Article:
ORIGINAL RESEARCH article
Sec. Language Sciences
Volume 7 - 2022 | https://doi.org/10.3389/fcomm.2022.780279
Perception and Reinterpretation of English Song Lyrics by Native Speakers of Japanese: A Case Study of Samples From the TV-Show Soramimi-Hour
- 1Department of English Studies, University of Graz, Graz, Austria
- 2Department of Languages and Linguistics, University of Texas at El Paso, El Paso, TX, United States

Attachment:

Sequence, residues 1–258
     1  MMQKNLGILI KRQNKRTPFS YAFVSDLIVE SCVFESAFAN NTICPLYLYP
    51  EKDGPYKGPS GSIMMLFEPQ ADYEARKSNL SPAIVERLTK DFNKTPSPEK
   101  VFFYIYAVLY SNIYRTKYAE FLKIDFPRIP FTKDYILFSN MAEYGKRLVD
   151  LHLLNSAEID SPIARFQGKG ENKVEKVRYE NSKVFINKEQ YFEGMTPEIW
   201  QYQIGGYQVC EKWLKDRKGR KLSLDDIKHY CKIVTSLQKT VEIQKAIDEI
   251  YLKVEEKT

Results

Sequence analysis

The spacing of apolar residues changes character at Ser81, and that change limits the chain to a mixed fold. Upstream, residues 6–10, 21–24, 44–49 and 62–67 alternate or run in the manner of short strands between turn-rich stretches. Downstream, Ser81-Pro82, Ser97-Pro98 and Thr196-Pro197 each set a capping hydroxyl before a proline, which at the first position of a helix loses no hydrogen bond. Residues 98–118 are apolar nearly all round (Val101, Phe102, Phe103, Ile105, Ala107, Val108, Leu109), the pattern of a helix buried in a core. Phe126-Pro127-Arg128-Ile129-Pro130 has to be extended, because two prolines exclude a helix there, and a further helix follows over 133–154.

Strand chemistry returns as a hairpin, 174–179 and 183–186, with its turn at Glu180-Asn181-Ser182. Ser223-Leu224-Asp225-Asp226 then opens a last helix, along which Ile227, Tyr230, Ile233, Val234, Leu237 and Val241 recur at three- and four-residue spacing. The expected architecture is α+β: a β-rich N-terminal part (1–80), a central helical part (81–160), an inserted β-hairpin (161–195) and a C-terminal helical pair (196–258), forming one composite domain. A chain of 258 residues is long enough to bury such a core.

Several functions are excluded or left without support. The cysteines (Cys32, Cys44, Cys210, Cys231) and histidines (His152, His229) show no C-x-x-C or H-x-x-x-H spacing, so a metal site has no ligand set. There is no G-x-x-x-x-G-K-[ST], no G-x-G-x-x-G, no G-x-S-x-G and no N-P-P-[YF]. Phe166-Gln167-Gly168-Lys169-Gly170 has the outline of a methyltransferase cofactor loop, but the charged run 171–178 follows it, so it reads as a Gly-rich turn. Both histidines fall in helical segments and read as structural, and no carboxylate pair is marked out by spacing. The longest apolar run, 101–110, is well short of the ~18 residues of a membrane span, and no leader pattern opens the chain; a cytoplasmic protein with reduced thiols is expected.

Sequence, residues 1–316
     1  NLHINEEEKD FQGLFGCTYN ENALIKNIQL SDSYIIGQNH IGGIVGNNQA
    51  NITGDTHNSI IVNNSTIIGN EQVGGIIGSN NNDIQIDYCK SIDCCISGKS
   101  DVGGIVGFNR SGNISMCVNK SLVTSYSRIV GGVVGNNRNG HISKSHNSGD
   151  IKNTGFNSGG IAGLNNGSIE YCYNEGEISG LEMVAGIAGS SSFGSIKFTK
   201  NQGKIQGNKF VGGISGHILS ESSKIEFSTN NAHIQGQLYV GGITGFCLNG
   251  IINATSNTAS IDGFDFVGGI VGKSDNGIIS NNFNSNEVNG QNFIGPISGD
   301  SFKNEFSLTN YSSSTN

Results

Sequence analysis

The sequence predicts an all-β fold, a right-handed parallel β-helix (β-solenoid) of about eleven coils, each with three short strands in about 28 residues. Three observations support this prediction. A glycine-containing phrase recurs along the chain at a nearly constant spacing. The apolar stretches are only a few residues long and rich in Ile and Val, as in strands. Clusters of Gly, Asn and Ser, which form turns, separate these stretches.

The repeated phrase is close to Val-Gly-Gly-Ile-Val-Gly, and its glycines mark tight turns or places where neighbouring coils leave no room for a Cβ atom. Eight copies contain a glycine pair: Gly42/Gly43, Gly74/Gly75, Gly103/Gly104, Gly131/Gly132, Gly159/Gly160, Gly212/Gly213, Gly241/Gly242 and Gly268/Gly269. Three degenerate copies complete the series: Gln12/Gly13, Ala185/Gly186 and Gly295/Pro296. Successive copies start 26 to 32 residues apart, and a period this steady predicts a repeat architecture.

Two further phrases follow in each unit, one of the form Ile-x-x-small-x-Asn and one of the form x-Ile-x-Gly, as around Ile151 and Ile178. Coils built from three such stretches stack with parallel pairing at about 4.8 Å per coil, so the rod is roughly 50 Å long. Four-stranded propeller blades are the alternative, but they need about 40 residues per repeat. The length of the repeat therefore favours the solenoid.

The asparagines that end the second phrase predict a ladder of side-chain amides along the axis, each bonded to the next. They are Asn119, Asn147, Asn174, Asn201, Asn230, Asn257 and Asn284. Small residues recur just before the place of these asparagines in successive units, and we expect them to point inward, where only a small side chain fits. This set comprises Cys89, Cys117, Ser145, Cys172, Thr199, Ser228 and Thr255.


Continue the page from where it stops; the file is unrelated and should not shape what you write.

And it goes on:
Cross-linguistic mondegreens occur when foreign song lyrics are misperceived and reinterpreted in the listener's native language. In Japan, such humorous reinterpretations of non-native song lyrics are known as soramimi (空耳, “mishearing”). Word plays of this kind do not only have an entertaining character for listeners, but they also offer a valuable source to identify and describe potential phonological processes which can be observed in native Japanese listeners' adaptations of English song lyrics into Japanese. We hypothesized that the reinterpretation of English song lyrics by listeners is a result of the perception of non-native auditory input through the first language's phonological and morphological system. That is, misperceptions do not occur arbitrarily, but are governed by the phonological and morpho-phonological rules of the listener's first language system. To test this hypothesis, we examined a corpus containing 60 English-Japanese mondegreens taken from the Japanese TV-show Soramimi Awā (Soramimi Hour). Results confirmed our hypothesis: The Japanese adaptations were observed to follow different phonological processes which aimed to subject the non-native auditory input to the phonological rules of Japanese.